Dick Gregory for President

 

With all of the controversy about whether or not Cape Girardeau’s Rush Limbaugh should be in the Hall of Famous Missourians, I stumbled across a Show Me state resident who deserves a nomination – Dick Gregory. I was looking for something else the other day and stumbled across these photos of Gregory speaking at Ohio University in 1968.

I was surprised to find that (a) he was from St. Louis and went to school at Southern Illinois University and (b) he was still alive.

The Black Mort Sahl

The biography on his website says that he was African American comedian and civil rights activist whose social satire changed the way white Americans perceived African American comedians.

He was part of a new generation of black comedians that includes Nipsey Russell, Bill Cosby and Godfrey Cambridge. They broke with the minstrel tradition, which portrayed blacks as stereotypes.

Gregory, who had a dry, satirical wit, came to be known as the “Black Mort Sahl.” (Friends of Gregory would refer to Sahl as “the White Dick Gregory.” I was fortunate to cover Bill Cosby when he played Ohio University at about the same time.

Nigger” was best-seller

I bought his autobiography, Nigger, when it was published in 1963 (when it was on its way to becoming the number one best-seller in the country), but I never felt comfortable walking around with the cover showing, even though he explained in his forward that he had written a note to his mother saying, “Whenever you hear the word ‘Nigger,’ you’ll know they’re advertising my book.”

Routine impressed Hugh Hefner

He got one his earliest breaks when Hugh Hefner heard him perform this routine in front of a mostly white audience when he had been brought in as a last-minute replacement:

Good evening ladies and gentlemen. I understand there are a good many Southerners in the room tonight. I know the South very well. I spent twenty years there one night.

Last time I was down South I walked into this restaurant and this white waitress came up to me and said, “We don’t serve colored people here.” I said, “That’s all right. I don’t eat colored people. Bring me a whole fried chicken.”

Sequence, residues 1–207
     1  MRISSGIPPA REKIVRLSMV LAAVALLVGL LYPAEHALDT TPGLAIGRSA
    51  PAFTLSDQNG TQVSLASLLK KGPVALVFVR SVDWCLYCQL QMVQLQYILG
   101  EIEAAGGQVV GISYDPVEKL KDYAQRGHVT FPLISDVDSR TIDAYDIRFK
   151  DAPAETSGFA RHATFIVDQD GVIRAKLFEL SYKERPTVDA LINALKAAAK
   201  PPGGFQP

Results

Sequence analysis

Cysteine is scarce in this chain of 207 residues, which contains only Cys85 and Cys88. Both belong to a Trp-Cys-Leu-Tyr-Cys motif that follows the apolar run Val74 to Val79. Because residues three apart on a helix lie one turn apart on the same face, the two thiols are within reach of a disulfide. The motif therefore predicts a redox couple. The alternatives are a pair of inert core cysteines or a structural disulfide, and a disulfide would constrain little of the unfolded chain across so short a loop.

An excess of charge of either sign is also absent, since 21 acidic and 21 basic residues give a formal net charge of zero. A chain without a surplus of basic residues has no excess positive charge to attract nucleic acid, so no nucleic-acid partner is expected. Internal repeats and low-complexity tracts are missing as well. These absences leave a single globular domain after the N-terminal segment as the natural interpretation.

Then these three white boys came up to me and said, “Boy, we’re giving you fair warning. Anything you do to that chicken, we’re gonna do to you”. So I put down my knife and fork, I picked up that chicken and I kissed it. Then I said, “Line up, boys!”

His temporary gig at the Chicago Playboy Club lasted three years.

Gregory changed my career

I was covering the event for The Ohio University Post. Much to my surprise, I got a call from The Athens Messenger, the local paper, asking if they could run my photo taken of Gregory while he waiting to go on. It was a surprise because I had seen photographer Bob Rogers at the press conference earlier that day, and I assumed that he must have covered the speech as well.

See, newspapers HATE to pick up something from a competitor. Now, The Post was the university student newspaper and The Messenger was the “real” paper, so we weren’t exactly competitors, but I always looked to see how I had stacked up against Bob or Jon Webb when we had been at the same event.

I was flattered that they wanted the art, so I offered it up quickly. I think that’s probably what led to them offering me an internship that summer. When they couldn’t find anyone who would work as long, hard (and cheap) as I would, it turned into a full-time job. When Bob moved on, I became chief photographer.